• Mitomycin-C Concentration for Ophthalmic Surgery
    This eMedTV article explains how the concentration of mitomycin-C is calculated for ophthalmic surgery for glaucoma. This resource explains how this medication is prepared and applied. It also offers a link to more dosing information on this drug.
  • Moving to the Recovery Room (LASIK)
    This video explains what to expect in the recovery room after your LASIK procedure.
  • Moving to the Recovery Room (PRK)
    This video explains what to expect in the recovery room after your LASIK procedure.
  • Moving to the Recovery Room After Cataract Surgery
    This clip explains what will happen after you are moved to the recovery room after surgery.
  • Moxeza
    Available as an eye drop, Moxeza is prescribed to treat bacterial conjunctivitis ("pink eye"). This page of the eMedTV site takes an in-depth look at this antibiotic, with details on how it works, side effects, how to apply it, safety concerns, and more.
  • Moxeza and Breastfeeding
    It is unclear if Moxeza passes through human breast milk. This article from the eMedTV Web library takes an in-depth look at breastfeeding and Moxeza, explaining why it is probably unlikely that the medicine in the eye drop would reach a nursing infant.
  • Moxeza and Pregnancy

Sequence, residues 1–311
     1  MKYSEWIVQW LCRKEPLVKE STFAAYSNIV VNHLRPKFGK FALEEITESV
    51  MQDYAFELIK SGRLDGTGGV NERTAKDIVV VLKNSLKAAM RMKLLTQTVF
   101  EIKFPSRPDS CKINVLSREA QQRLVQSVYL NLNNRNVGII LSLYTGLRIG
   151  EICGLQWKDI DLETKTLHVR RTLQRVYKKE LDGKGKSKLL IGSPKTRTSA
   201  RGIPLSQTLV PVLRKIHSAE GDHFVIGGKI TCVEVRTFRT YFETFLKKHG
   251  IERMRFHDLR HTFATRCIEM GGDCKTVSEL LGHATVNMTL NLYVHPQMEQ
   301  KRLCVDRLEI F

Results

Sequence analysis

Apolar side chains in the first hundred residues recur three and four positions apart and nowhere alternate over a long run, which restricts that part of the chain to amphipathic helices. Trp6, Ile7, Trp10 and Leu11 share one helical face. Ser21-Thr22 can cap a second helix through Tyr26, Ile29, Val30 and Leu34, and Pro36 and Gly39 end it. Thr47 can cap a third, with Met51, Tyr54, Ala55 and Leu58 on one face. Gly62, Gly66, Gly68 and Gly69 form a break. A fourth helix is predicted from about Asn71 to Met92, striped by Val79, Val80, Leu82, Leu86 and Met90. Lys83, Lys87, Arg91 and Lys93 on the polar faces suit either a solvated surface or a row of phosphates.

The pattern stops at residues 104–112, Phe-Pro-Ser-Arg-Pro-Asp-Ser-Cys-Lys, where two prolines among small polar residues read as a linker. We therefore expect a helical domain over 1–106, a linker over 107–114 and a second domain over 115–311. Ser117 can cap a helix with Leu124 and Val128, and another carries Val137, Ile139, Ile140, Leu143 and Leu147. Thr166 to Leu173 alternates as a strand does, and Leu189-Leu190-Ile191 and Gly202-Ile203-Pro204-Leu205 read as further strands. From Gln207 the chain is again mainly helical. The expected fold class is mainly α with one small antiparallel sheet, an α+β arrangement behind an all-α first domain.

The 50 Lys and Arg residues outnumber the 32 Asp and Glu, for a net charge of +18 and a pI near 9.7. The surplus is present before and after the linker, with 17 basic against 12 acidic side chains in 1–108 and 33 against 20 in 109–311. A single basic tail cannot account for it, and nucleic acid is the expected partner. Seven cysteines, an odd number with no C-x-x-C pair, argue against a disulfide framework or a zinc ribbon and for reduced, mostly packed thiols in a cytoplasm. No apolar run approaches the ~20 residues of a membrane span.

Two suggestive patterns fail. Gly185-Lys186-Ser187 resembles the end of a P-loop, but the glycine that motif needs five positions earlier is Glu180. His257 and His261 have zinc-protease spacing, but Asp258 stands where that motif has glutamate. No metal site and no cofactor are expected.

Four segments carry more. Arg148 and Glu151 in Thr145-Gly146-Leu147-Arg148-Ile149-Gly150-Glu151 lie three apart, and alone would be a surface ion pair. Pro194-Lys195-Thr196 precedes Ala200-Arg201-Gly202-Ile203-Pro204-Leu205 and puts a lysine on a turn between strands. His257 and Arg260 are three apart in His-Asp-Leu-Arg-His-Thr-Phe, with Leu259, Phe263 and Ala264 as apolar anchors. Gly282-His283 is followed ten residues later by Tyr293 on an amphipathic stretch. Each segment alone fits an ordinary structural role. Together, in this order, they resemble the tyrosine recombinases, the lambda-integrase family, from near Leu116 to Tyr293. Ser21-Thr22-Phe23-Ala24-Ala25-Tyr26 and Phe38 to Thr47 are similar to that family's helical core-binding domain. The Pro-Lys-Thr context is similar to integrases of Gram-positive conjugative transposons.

If you are pregnant, you may be wondering if you can use Moxeza eye drops. This eMedTV Web page addresses this topic and explains why the FDA has given Moxeza a pregnancy Category C rating. The results of animal studies are also included.
  • Moxeza Dosage
    To treat pink eye, the standard dose of Moxeza is one drop in the affected eye twice daily for seven days. This eMedTV Web article further discusses dosing guidelines and lists tips for how to safely and effectively use this eye drop.
  • Moxeza Drug Interactions
    Currently, there are no known Moxeza drug interactions. However, as explained in this eMedTV Web page, it is possible that not all interactions are known at this time, so tell your doctor about all medications you are taking before using this eye drop.
  • Moxeza Medication Information
    This part of the eMedTV site provides information on Moxeza, a medication prescribed to treat an eye infection known as conjunctivitis ("pink eye"). This article gives a brief overview of how this product is used and provides a link to more details.
  • Moxeza Overdose
    It is unlikely that using too much Moxeza in the eyes would cause any dangerous or long-lasting problems. This eMedTV article offers more details on what to expect with an overdose, with information on how a doctor may treat any problems that might occur.
  • Moxeza Side Effects
    Fever and eye irritation are possible side effects that may occur during treatment with Moxeza. This eMedTV Web selection outlines other possible side effects of this eye drop, including allergic reactions that may require medical attention.
  • Moxeza Uses